There is a theory called the Stages of Change that is used in counseling, social work, education, and more! This model represents the process we go through when making changes. These stages are not linear, people can move back and forth and through the stages fluidly at any point in time. But you might be wondering what the point of these stages are and how they are of any use to people who are not counselors? Well, it might help you become more reflective on your life, or it might help you understand others in your life better. Knowing the stages of change can help understand how to progress through them and how to work with where you are at in the process. Often people think that the stages of change are only for those trying to quit using substances, but this process can be used for changing any behavior! If you try to work with someone (or yourself) without acknowledging what stage of change they are in, you might find that attempts to get them to change are not working. This is because trying to force someone into a stage that they have not progressed into will lead to frustration and failed attempts. People progress at different rates and in different ways, so it is important to meet people where they are at. Sometimes the stage of change model is presented with four stages, but I prefer the model with five stages. Those stages are pre-contemplation, contemplation, preparation, action, and maintenance (in the four-stage model preparation and action are the same).
The pre-contemplative stage is often viewed as the first stage because in this stage people do not want to change. They may view themselves as not having a need to change. In this stage it is going to be hard to get people to make changes or even talk to them about having something to change. The best way to work with someone in this stage is to be a listening ear and provide them with resources that may assist them in seeing a need for change. When in this stage yourself, it might feel that you are okay with what you are currently doing and maybe even feel like others are nagging you. However, be open minded to both where the person is at in the pre-contemplative stage or being open to what others are saying if you think you are in the pre-contemplative stage. Being reflective on your choices and actions is always good for self-growth.
In the contemplative stage, people may be starting to think that there is something they might want to change. They may not know how to begin changing or they may still be unsure if they want to change but there is some acknowledgement that their current situation is not serving them in a positive way. When in this stage, support someone by helping them think about how changing will help them, validate where they feel unsure, and prepare small goals that the person can work towards. If it is yourself, make a list of how changing might help you or how it may be difficult, research about your situation and how other people have made changes. These are ways to move from contemplation to preparation.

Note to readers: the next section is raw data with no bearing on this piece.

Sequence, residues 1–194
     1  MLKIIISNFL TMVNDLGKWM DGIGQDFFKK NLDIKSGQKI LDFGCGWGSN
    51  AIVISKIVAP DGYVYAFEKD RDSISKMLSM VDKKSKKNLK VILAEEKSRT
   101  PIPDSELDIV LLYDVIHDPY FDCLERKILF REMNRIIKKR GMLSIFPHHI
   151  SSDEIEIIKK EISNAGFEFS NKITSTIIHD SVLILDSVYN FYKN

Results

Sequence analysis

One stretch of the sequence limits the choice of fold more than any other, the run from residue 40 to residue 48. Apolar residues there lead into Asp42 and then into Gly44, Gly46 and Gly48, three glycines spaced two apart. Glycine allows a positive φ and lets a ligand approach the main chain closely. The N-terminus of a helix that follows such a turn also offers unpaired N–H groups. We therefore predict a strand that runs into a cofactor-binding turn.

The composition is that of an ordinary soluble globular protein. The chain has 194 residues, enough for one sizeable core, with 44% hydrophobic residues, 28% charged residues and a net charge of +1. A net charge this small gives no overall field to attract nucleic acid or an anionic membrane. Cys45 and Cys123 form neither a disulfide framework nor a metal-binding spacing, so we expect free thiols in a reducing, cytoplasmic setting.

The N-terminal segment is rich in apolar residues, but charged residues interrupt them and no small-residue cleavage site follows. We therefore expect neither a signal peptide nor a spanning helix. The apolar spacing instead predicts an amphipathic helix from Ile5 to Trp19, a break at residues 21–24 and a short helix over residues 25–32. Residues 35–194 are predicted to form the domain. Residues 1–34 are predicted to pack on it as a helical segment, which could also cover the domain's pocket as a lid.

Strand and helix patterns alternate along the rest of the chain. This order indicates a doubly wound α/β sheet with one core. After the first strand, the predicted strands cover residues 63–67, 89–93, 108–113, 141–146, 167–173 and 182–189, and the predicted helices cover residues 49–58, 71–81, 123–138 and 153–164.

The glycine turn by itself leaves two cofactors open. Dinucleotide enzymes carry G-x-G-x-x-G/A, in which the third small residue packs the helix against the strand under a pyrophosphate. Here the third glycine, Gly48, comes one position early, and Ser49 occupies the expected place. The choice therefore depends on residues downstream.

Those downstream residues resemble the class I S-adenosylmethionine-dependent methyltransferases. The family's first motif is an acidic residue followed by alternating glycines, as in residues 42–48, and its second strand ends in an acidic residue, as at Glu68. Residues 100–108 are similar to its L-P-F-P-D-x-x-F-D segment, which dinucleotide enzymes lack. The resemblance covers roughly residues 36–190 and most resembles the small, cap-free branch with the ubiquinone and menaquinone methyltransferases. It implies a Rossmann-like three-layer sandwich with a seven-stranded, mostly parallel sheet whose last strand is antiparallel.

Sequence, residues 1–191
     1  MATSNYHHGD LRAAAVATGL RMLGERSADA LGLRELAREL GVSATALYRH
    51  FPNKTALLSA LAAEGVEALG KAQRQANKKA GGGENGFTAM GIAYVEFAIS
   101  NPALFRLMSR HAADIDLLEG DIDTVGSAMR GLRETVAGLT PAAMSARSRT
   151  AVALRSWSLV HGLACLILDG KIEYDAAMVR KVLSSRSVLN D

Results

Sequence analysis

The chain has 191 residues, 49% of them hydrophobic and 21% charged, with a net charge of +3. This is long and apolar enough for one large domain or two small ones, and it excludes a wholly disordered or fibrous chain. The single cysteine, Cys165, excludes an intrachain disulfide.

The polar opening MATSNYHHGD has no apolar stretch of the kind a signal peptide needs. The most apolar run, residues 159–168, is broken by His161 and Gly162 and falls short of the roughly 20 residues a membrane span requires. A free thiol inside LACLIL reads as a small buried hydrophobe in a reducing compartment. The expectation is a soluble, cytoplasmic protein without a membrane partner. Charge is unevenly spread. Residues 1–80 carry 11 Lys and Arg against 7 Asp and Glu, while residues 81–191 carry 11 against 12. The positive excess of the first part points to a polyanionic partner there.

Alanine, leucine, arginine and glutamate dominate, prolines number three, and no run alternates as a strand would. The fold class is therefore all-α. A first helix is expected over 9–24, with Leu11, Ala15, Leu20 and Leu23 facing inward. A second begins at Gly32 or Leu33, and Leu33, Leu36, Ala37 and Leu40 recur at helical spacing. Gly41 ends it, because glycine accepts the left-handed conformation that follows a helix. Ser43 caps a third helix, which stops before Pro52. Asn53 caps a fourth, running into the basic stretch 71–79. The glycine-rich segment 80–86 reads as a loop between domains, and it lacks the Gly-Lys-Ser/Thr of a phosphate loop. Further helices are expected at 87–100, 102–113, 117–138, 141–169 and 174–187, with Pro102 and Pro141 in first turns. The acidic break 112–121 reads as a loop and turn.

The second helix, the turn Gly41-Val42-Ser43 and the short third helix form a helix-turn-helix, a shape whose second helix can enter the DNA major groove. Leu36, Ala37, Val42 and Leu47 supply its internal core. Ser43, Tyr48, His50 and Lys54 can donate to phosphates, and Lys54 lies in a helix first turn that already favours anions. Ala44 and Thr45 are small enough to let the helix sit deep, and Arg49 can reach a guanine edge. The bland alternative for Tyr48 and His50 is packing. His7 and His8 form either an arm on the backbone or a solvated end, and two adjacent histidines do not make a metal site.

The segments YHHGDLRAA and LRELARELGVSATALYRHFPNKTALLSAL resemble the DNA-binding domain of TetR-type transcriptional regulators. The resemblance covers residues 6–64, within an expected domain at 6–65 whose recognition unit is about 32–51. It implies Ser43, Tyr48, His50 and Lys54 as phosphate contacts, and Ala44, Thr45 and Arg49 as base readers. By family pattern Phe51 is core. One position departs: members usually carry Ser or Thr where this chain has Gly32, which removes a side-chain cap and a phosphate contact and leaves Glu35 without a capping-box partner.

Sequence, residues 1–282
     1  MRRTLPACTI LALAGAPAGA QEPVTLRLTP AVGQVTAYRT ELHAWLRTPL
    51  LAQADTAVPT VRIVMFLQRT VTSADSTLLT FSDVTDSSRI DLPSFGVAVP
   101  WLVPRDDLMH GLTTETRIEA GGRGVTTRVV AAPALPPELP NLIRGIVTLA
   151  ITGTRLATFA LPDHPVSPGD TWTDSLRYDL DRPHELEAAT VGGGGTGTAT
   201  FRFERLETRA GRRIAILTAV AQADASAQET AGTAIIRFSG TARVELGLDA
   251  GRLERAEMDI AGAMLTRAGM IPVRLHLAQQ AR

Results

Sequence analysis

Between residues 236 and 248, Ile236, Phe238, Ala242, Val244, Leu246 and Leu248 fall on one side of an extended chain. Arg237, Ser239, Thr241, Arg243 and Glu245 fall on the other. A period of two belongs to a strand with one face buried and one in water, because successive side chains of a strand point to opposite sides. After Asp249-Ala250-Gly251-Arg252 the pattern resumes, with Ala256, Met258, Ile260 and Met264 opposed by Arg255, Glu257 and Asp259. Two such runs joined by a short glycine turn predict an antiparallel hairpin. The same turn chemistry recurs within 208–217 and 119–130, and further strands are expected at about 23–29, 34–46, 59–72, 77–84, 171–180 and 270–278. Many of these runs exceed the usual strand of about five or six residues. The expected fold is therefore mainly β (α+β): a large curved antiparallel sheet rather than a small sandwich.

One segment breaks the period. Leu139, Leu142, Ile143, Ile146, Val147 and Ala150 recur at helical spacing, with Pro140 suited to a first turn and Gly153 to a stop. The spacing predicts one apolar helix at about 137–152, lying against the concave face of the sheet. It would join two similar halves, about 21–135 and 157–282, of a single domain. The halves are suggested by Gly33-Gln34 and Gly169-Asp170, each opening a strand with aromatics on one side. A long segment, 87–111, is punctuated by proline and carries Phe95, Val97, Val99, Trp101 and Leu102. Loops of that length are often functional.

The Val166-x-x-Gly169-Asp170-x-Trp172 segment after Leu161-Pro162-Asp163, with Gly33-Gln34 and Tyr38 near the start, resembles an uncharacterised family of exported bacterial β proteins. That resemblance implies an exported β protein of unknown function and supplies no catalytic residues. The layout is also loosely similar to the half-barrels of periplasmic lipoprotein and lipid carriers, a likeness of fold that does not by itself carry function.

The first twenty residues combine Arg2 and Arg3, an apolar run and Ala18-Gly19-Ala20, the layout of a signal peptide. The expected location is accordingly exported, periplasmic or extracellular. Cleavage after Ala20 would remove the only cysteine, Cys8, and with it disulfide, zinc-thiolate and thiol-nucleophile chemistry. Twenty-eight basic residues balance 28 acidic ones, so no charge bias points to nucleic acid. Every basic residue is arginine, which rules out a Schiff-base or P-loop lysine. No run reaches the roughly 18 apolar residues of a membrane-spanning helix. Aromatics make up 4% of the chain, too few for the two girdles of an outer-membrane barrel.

When in the action stage, people have begun making changes. They have decided that it will be best for themselves to make a change and they are in the process of attempting to make those changes. Support yourself and others in this stage by trying your best, making attainable goals, and acknowledging that sometimes it might be a difficult process. If you do find yourself struggling to make your goals, try setting ones that feel more attainable and remember that it is okay to have to hit the reset button. In the maintenance stage, you have seen the effects of the action stage and your changes are part of your daily life. This does not mean that you can stop working or will not progress back into another stage. Just remember that it is okay to have to modify your progress and that going through these stages looks different for everyone. Thinking about and making changes is a difficult process, be kind to yourself and reach out for support when you need it!